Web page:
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Bob Gainey's Hot Potato

(RC Note - This article is a translation of an editorial by Le Journal de Montreal's Bertrand Raymong that appeared in this morning's paper. Bert always likes to put Gainey's shoes on and get in his head. He is in the HHOF as a longstanding and quite reputable journalist. Good or bad, he rarely minces his thoughts. Bottom line is, he always tells it like it is!)

When Bob Gainey declared in the most serious of tones, at seasons end, that no other city in the league could offer the same advantages and atmosphere as Montreal, that this particular ambience was exactly what players desired, and that it is wrong to assume french canadian hockey players want nothing to do with the pressure of calling the Bell center home, manypeople shook their head and wondered where he'd gotten this information.

Either the Canadiens front office suddenly became overtly naive or they were trying to put the fan base to sleep using hypnosis.

In my view, I'd suggest that Montreal certainly does have lots to offer, if not exactly everything to lure star players to make it their permanant address. There is however no shortage of french players who have no interest in playing in the pressure cooker that is Montreal.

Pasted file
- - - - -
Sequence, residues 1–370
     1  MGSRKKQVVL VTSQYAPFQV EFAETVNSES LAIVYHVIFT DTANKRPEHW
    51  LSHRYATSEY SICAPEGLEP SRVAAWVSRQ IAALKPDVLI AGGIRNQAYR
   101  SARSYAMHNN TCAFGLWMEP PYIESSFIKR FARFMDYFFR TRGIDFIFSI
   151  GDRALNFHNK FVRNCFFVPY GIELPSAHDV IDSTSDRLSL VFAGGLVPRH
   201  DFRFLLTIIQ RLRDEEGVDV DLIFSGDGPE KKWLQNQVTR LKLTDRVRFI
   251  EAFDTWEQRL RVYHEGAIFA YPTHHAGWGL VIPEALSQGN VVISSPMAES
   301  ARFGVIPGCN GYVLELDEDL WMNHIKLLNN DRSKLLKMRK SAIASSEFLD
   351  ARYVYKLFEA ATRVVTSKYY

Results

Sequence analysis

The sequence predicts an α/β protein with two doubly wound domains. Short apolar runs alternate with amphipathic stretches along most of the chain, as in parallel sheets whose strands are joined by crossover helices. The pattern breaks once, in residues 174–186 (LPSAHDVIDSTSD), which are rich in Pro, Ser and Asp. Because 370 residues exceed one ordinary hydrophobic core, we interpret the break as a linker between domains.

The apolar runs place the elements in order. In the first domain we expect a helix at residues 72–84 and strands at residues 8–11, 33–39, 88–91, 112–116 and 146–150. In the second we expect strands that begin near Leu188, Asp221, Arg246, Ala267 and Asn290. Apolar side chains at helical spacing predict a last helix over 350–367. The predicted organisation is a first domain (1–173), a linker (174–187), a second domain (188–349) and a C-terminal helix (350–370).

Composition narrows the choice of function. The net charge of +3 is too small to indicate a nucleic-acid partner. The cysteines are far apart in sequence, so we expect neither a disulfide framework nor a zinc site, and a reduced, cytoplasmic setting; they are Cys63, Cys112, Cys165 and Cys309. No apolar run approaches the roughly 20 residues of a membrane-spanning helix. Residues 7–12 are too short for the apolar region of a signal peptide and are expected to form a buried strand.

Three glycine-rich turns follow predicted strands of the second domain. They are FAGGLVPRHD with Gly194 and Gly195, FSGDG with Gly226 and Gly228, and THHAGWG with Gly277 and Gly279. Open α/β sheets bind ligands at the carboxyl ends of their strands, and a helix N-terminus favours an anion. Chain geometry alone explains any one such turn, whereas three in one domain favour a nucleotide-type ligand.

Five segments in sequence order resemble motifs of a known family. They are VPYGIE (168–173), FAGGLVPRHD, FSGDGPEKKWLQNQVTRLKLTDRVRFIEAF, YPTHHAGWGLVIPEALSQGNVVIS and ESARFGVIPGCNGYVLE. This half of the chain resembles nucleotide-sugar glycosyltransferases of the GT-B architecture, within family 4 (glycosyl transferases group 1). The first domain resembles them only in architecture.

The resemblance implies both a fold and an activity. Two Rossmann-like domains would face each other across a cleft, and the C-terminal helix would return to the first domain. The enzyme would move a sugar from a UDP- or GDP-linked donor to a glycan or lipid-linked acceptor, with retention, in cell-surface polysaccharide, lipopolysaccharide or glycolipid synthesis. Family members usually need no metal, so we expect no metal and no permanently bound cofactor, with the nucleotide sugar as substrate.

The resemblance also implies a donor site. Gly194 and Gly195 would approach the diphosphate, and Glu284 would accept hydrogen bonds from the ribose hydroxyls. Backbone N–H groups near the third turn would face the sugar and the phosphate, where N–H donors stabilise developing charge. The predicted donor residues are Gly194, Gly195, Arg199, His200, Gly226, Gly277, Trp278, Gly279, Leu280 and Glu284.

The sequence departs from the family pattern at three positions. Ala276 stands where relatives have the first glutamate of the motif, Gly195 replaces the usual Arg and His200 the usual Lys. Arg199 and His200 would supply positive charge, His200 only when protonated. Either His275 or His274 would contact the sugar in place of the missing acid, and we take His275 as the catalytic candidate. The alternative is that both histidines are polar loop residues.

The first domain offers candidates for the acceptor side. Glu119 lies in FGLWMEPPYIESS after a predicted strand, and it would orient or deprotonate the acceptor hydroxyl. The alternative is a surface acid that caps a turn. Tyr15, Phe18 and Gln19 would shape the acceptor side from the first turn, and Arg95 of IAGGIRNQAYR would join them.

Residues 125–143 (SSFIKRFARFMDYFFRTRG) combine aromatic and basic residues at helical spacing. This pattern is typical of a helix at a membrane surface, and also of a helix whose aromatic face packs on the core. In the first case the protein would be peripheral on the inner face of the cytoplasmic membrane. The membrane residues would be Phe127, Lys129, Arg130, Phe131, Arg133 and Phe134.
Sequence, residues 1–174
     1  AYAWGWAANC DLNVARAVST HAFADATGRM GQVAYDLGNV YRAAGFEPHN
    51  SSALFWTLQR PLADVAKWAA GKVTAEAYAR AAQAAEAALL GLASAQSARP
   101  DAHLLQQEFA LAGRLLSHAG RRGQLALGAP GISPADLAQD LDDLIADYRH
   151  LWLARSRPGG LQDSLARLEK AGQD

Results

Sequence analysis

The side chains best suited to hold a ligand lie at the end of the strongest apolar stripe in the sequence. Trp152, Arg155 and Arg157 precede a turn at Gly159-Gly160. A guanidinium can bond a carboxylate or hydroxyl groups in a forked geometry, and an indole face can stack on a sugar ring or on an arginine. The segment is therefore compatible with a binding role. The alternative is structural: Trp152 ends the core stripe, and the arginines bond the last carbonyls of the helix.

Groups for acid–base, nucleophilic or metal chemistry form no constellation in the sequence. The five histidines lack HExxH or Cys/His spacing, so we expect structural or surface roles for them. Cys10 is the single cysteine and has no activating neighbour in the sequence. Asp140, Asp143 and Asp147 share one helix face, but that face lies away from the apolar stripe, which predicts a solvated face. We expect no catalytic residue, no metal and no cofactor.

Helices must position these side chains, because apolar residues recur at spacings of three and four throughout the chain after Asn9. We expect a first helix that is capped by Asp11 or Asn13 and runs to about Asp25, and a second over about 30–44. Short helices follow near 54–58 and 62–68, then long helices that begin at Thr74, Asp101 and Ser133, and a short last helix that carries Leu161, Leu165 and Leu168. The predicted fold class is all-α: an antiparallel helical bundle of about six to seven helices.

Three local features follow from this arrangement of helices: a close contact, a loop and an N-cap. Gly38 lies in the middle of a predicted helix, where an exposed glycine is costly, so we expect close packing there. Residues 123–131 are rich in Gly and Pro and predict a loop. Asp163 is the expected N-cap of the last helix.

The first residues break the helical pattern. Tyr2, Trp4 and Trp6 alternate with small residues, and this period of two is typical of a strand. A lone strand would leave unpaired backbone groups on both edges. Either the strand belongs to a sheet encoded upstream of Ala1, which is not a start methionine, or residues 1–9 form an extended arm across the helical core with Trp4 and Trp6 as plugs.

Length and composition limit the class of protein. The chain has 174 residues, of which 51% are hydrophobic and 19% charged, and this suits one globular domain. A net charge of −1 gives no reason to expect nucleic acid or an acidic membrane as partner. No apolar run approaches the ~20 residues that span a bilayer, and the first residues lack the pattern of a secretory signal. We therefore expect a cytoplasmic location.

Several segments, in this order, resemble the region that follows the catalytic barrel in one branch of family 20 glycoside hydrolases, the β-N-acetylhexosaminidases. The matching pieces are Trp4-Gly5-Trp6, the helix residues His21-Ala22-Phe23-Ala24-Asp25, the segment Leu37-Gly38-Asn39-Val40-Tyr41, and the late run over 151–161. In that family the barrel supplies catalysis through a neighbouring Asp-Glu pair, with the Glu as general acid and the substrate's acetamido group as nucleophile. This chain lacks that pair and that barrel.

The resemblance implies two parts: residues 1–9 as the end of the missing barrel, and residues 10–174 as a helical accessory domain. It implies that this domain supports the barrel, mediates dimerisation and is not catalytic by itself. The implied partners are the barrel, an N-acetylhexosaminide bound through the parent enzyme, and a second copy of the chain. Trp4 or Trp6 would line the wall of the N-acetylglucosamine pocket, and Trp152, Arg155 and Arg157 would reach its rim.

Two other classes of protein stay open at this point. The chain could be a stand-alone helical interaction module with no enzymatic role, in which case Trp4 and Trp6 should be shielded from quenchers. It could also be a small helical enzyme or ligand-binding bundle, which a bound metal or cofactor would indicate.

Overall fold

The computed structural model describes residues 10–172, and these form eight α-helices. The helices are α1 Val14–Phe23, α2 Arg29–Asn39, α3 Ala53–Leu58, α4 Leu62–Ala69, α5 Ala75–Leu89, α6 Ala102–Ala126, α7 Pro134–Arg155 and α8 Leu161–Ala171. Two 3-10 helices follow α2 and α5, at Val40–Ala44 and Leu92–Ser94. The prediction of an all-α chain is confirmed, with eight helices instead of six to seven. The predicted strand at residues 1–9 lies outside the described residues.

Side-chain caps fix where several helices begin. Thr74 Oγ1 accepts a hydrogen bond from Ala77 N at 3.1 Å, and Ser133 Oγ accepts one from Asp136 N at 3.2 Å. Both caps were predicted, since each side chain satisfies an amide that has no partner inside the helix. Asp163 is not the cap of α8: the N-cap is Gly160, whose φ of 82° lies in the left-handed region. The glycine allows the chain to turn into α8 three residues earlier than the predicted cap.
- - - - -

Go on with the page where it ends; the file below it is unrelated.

Gainey was oblivious to it at the time, but J.P. Dumont, because of the statement made by the GM, would become his hot potato of the summertime.

In Dumont, the Canadiens could find that rare pearl of a native Montrealer, whose best friend is the Habs Steve Begin, and is prepared to go through a wall to play for the red, white, and blue. To top it off, Dumont is young enough to still be considered in the prime of his career.

There's not much debate that he isn't worth the almost three million per year salaray awarded him through arbitration, but that's another story altogether. That situation could have been easily resolved had Gainey stated that Dumont fit perfectly in the teams plans.

But alas, the GM's whose every decision is regarded as a genial strike of lightening by Habs brass, decided that it may be smarter to hang onto the remaining 2.5 million in cap for the purposes of a player who may fall into his lap at a later date. Just who that player could be is anybody's guess.


The Canadiens, who have four Quebec born players on the roster, presently feel they are not positioned to afford a fifth.

Whose fault is it then, that center Mike Ribeiro was given an exaggerated pay hike of $700,000 that no one seems able to justify?

Who went out and traded for, third line forward Mike Johnson at a cost of 1.9 million annually? Here's hoping Johnson can contribute his usual 20 goal production.

Who made Radek Bonk, a player who doesn't know the meaning of second effort, and who is of no interest to 29 other teams, a multi millionaire.

After allowing the Dumont camp sufficient time to find a taker on the open market, gainey had the teams financial adviser Julien Brisebois give a call to Dumont's agent Yves Archambeault.